Creating a Culture of Leadership

Krannert's Brad Krites offers unique perspective

Krannert and Purdue’s initiatives to address a 21st century global society are not only student-focused. Many are also student student-driven and student led.

Brad Krites, current president of the Purdue Foundation Student Board, is one student who has ample insight into the importance of leadership experiences and soft-skill development.

Krites (BSM ’11), currently in the second year Krannert’s 3+2 combined degree program, was a member of the Tiger Team during the last strategic planning process that spawned the idea for the Center for Student Excellence and Leadership (CSEL) and, by extension, Purdue’s other initiatives to create a “leadership culture.”

From his unique perspective and from his time involved with Purdue Student Government, Krites has seen what he calls an “observable top-down commitment to enhancing the overall student experience — from leadership engagement, to learning, to life beyond the classroom.”

Brad Krites

Brad Krites (Photo by Andrew Hancock)

Krites believes that Purdue’s student-driven, student-led initiatives are a necessity in keeping with academic research findings about the changing nature of higher education, the way students learn and qualities required for success in all aspects of life.

“Purdue has recognized the changing needs of students — how we learn, where we learn, and what we learn — and is evolving to better serve us,” he says.

He says the need for these transformations in learning and leadership and the projects that support them have been borne out in his own experience as an intern.

“The overarching goal of these initiatives is to give every Purdue graduate the opportunity to develop the skills necessary for leadership and collaboration that are essential to the 21st Century workforce,” he says. “I’ve learned that what recruiters love about Purdue graduates is that we have unrivaled technical and analytical expertise and are grounded in a hard-work attitude. But, when it comes to ‘softer skills,’ we have room to grow.”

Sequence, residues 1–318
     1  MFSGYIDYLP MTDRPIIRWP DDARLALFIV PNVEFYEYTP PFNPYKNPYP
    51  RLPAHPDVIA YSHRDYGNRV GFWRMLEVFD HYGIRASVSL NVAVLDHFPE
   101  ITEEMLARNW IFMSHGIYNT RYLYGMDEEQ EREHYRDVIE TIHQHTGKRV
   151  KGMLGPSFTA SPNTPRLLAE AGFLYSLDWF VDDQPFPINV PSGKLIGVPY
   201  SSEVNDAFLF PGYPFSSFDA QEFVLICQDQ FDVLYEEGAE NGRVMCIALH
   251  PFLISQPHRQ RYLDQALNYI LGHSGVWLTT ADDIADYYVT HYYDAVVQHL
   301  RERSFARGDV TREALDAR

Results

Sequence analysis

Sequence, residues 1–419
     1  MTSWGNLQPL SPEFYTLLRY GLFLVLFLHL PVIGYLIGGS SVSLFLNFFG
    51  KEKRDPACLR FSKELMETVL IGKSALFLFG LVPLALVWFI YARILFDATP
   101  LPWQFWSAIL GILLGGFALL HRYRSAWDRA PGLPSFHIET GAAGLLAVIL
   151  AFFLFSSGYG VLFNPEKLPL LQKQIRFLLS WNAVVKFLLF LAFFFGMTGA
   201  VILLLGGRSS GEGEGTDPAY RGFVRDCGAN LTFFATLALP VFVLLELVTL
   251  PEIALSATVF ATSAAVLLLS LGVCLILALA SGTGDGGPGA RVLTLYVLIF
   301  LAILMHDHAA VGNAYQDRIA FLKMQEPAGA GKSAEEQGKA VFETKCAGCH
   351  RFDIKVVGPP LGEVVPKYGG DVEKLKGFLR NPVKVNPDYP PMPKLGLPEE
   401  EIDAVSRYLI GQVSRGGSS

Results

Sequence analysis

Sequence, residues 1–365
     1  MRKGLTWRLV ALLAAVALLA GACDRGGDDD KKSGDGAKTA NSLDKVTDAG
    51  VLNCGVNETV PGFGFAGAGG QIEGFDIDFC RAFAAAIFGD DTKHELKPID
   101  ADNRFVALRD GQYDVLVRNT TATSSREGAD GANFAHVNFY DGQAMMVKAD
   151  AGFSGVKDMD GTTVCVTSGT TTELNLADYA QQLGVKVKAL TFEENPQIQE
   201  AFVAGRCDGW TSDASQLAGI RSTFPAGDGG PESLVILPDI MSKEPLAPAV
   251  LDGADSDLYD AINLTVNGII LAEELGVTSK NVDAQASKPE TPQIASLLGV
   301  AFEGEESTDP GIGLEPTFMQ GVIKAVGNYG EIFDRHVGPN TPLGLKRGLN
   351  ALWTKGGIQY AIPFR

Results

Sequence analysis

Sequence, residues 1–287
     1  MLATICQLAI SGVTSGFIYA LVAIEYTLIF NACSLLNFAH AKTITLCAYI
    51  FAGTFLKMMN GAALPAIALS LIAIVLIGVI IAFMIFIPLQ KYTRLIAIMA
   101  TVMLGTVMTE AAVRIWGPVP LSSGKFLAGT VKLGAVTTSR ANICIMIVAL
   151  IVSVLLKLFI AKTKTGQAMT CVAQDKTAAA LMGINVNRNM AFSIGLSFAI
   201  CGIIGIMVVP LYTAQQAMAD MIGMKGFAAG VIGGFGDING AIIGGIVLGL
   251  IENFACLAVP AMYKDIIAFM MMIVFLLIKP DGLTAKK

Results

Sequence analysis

As a student leader soon to enter the workplace, Krites will add a Krannert MBA with a focus in finance to his resume when he graduates in May 2013.

“I’ve always used the visual of my résumé to emphasize the importance of student leadership outside the classroom: only three lines reflect my time spent inside the classroom; the rest is how I chose to spend the other 80 percent of my time,” he says.

He encourages incoming students and those students who follow him to recognize the importance of Purdue launching initiatives to provide opportunities for undergraduates to maximize their outside-the-classroom experience.

These imperatives are reflected in Krannert’s Launching Global Leaders program and its undergraduate companion, Launching Business Leaders.

“Purdue has grown and evolved greatly throughout the past decade,” Krites says. “We’ve built cutting-edge research parks. We’ve hired world-renowned faculty. We’ve designed best-in-class learning environments. But, these particular investments in the student experience make a statement that we haven’t lost sight of our core mission: launching the well-educated leaders of tomorrow.

“Most significantly, all these projects affirm to me — and should to every student who follows me — that Purdue takes its students seriously. Being a ‘student-focused’ campus isn’t just a bullet point on an admissions brochure for us; it’s in our DNA.”

And he adds: “Future Boilermakers should look to these projects and programs as what is possible if they are engaged student leaders, passionate about an idea, and enthusiastic in their approach to achieve it.”